Some churches attempt to prove from this verse that heaven is the reward of the saved—that Christians will go to heaven and be there with Christ forever. But where did the idea that heaven is the reward of the saved originate? Does the Old Testament teach it? Did Jesus and His apostles teach it?
A perusal of various encyclopedia articles on "heaven" will show that this doctrine originated with the pagan, polytheistic Greeks and Romans. Their deified heroes and other favorites of their multiple gods were supposedly given admission to their "heaven," which they called "Elysium."
Various peoples evolved their own versions of Elysium. The Germans and Scandinavians had their Valhalla. The American Indians had their Happy Hunting Grounds. The eastern Buddhists have Nirvana, which offers the dubious promise of "the extinction of all desire and personality." Interestingly, the Western, professing Christian heaven is more similar to the original Greek concept.
The Old Testament shows clearly that when Jesus Christ returns to earth, it will be to set up the Kingdom of God—on earth, not in heaven.
Daniel 2:36-43 describes four major kingdoms, empires, or governmental systems that have ruled over the greater part of the civilized world: the Chaldean-Babylonian Empire (625 to 538 BC); the Medo-Persian Empire (538 to 330 BC); the Greco-Macedonian Empire (333 to 31 BC); and the the Roman Empire (Established 31 BC. The imagery suggests that it will exist in some form until the end of the age.) Clearly, these physical empires existed on earth. But verses 44-45 say that God's Kingdom will encompass all of these previous kingdoms—on earth! Daniel 7:17-18 says much the same.
Daniel 7:27 adds a vital piece of information to our understanding of where God's Kingdom is:
Then the kingdom and dominion, and the greatness of the kingdoms under the whole heaven, shall be given to the people, the saints of the Most High. His kingdom is an everlasting kingdom, and all dominions shall serve and obey Him.
God's everlasting Kingdom, then, shall not be in heaven but "under the whole heaven"!
Why then should we be surprised that God's Kingdom will be on earth? God tells us through Moses that ancient Israel was a type of God's Kingdom and, in fact, could have been His Kingdom had they obeyed Him (Exodus 19:5-6).
The very churches that misuse I Thessalonians 4:17 could better understand its meaning by studying the words of the so-called "Lord's Prayer": "Your kingdom come. Your will be done on earth as it is in heaven" (Matthew 6:10; see Micah 4:8). Jesus instructs His people to pray for God's Kingdom to come—to earth—not to be taken away to it!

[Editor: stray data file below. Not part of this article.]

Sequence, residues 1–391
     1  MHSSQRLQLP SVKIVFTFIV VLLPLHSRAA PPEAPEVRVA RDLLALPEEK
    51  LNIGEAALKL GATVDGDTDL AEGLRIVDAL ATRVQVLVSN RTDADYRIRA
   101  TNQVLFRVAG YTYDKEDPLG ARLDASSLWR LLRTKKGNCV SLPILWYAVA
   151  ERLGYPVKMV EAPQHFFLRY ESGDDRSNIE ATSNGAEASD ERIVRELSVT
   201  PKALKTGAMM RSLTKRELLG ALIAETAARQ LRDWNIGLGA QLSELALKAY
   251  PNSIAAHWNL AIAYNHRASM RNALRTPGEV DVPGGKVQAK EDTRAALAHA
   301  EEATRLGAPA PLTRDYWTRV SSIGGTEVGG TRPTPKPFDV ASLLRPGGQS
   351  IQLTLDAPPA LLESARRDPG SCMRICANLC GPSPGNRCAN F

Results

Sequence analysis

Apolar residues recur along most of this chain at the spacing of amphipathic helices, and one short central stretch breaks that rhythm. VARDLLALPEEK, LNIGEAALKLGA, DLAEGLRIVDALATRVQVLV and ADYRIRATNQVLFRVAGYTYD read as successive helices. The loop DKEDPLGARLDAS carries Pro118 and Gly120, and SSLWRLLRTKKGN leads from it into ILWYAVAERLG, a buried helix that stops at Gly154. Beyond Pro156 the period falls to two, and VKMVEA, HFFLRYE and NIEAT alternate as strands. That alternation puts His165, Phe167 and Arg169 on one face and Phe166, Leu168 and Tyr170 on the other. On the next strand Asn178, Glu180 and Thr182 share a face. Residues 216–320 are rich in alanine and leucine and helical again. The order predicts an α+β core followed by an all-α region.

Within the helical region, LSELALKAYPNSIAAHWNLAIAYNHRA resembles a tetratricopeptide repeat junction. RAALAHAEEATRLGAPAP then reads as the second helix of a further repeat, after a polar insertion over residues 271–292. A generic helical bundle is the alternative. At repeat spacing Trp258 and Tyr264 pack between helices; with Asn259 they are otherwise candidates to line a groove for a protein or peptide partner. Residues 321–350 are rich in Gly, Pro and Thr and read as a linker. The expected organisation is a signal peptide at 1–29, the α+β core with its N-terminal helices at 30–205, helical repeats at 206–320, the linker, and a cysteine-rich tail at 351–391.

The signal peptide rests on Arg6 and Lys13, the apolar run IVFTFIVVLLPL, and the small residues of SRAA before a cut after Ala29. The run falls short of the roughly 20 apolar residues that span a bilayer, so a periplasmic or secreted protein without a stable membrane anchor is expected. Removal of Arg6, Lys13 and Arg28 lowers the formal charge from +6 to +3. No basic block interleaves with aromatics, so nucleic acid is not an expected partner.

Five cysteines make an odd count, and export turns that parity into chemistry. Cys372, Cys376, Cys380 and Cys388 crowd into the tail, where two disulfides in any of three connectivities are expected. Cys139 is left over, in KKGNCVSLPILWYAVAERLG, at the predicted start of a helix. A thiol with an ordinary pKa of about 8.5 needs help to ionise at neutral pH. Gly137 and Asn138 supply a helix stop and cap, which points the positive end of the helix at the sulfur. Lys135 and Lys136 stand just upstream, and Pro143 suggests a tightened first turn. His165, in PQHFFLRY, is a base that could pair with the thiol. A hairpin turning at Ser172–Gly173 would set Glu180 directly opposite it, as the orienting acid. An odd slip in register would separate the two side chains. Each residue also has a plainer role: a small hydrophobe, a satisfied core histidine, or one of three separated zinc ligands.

Obadiah 1:17, 21 tell us specifically where God's Kingdom will be set up. Likewise, Micah 4:1-2 shows that Jesus Christ will dwell on earth in Jerusalem, accessible to physical people and nations.
Matthew 24:3 shows that the disciples knew, and therefore were taught by Jesus Himself, that He would come back to this earth, when they asked Him, "Tell us, when will these things be? And what will be the sign of Your coming, and of the end of the age?"
In His reply, Jesus continually repeats that He will come back to this earth:
For as the lightning comes from the east and flashes to the west; so also will the coming of the Son of man be. . . . Then the sign of the Son of Man will appear in heaven, and then all the tribes of the earth will mourn, and they will see the Son of Man coming on the clouds of heaven with power and great glory. . . . But as the days of Noah were, so also will the coming of the Son of Man be. (verses 27, 30, 37; see also verses 39, 42, 44, 46, 48, 50)
Some might argue that, because Jesus went to be with God the Father in heaven after His death and resurrection, we must go to heaven to be with Him. However, in John 14:3, Jesus tells His disciples that He will come again to earth and will here receive them to Himself to be with Him: "And if I go and prepare a place for you, I will come again, and receive you to Myself; that where I am, there you may be also." If He wants us in heaven, why would He have to come here to get us? The Parable of the Minas or Pounds (see Luke 19:11-15) also makes this clear.
After all of Jesus' teaching, the disciples, although still limited in their knowledge and understanding, knew for sure that Jesus was to restore His Kingdom to Israel (Acts 1:6). In Acts 1:9-11, their understanding is greatly enhanced:
Now when He had spoken these things, while they watched, He was taken up, and a cloud received Him out of their sight. And while they looked steadfastly toward heaven as He went up, behold, two men stood by them in white apparel, who also said, "Men of Galilee, why do you stand gazing up into heaven? This same Jesus, who was taken up from you into heaven, will so come in like manner as you saw Him go into heaven."
He will come down from heaven, through the clouds, and will set down on the Mount of Olives just outside Jerusalem (Zechariah 14:4). He will be clearly visible to human eyes.